In August 1964, the Beatles took their first American tour, hop-scotching 26 cities around America in a chartered Lockheed Electra with various opening acts, including singer-songwriter Jackie DeShannon and legendary New Orleans R&B singer Clarence (Frogman) Henry. In the wake of A Hard Day’s Night, their first film, the Beatles were greeted by tens of thousands of screaming fans, an anodyne hysteria for a nation still stunned by the assassination of President Kennedy the year before.


Bonis records the early Beatles phenomenon in all its triumphant silliness. At a mansion in the toney Bel Air district of Los Angeles, the Beatles clown poolside for Bonis with props and toys; Ringo Starr indulges his inner cowboy. Later that month, at a press conference in Toronto, the band (still in matching-suits mode) dutifully poses for photo ops for the press and speaks with the leaders of the local fan club.


Sometime that fall, it all kicks in. You can see it in the shots taken live: At a concert in Kansas City that September, at Municipal Stadium, Bonis captures the full, muscular fury of the Beatles in their white-hot ascendancy, brandishing a monstrous confidence, still loose and comical, still enjoying the ride.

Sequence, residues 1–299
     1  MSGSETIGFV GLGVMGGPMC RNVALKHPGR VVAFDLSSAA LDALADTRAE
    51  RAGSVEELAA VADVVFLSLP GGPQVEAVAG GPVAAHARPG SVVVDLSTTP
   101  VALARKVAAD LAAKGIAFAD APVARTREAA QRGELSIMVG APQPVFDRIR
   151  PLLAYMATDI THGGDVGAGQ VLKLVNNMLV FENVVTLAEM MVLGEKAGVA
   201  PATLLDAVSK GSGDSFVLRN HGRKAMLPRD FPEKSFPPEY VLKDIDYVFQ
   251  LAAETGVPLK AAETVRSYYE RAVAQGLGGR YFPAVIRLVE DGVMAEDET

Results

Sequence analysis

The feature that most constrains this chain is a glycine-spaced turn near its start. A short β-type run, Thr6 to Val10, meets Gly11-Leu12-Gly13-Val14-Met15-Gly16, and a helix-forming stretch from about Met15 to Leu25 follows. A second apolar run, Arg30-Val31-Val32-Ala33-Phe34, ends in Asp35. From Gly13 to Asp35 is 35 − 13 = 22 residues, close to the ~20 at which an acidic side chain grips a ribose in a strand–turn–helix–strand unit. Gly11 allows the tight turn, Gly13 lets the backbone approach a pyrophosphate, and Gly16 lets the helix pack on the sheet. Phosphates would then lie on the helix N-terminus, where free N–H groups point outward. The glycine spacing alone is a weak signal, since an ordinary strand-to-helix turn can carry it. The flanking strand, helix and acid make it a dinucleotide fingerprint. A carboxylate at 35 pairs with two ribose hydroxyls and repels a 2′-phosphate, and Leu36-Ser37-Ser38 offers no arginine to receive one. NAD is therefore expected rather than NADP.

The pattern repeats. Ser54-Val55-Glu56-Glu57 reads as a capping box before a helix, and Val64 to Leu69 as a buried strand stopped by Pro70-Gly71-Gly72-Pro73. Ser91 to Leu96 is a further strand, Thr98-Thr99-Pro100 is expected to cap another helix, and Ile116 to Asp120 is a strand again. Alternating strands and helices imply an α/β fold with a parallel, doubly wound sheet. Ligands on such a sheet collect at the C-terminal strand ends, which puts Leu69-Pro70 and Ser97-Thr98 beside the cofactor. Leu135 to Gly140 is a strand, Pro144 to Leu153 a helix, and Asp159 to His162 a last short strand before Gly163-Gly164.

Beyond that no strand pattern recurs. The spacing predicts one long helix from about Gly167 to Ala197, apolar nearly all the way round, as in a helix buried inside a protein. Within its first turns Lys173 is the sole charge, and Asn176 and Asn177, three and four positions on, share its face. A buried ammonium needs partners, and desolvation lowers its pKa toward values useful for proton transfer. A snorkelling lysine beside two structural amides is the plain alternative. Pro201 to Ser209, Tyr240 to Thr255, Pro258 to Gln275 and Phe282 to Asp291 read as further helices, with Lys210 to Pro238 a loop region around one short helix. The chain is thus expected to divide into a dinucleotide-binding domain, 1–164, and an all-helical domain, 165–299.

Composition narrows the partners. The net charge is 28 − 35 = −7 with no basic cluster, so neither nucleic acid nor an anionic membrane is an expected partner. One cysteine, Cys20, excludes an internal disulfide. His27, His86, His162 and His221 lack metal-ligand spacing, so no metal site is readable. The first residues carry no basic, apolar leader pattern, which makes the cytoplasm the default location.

Bonis captures the same ebullience in the 1965 tour — a tour powered by the release of Help!, their second movie. Days after the epochal Shea Stadium concert, the Beatles played in Houston, Bloomington, Minnesota, and Portland, Oregon, with Bonis often shooting from the stage itself, at literal arm’s length from the band.


One of the constants throughout the latter part of the book, a direct consequence of Bonis’ intimacy with the band, is the time we see them in rehearsal. It’s the foundational backstage ritual, but it’s striking when you see the Beatles doing it. The most photographed band of the ‘60s wasn’t often caught in the act of practicing. Yes, Let It Be documented their work in the studio, but that was years later, when the fabric that held the band together was badly torn and frayed.


Bonis’ backstage images from August 1966, before shows in Detroit and Philadelphia, show the band (particularly John Lennon and George Harrison) in full creative flower — nailing down the set list, to be sure, but certainly also exploring other ideas, the other songs in the hothouse that the world would discover in the Beatles’ next phase.


That next phase started nine days after the final images in this book. Bonis accompanied the band to Busch Memorial Stadium in St. Louis on 21 August 1966. Instead of the tyros who took the world by storm two years before, the men we see are, somehow, not Beatles. Seated aboard the plane somewhere in the air over Middle America, they’re everyday people, frequent flyers stripped of legend, diminished and almost small.


At the stadium and before the show, Bonis records the group going through its perfunctories. But collectively, the St. Louis segment reveals a group whose body language and outward mannerisms — John Lennon and George Harrison had fully adopted sunglasses as part of their public personae by then — suggested an inner exhaustion with the rigors of touring. No more mugging for the camera. Not even Bob’s camera.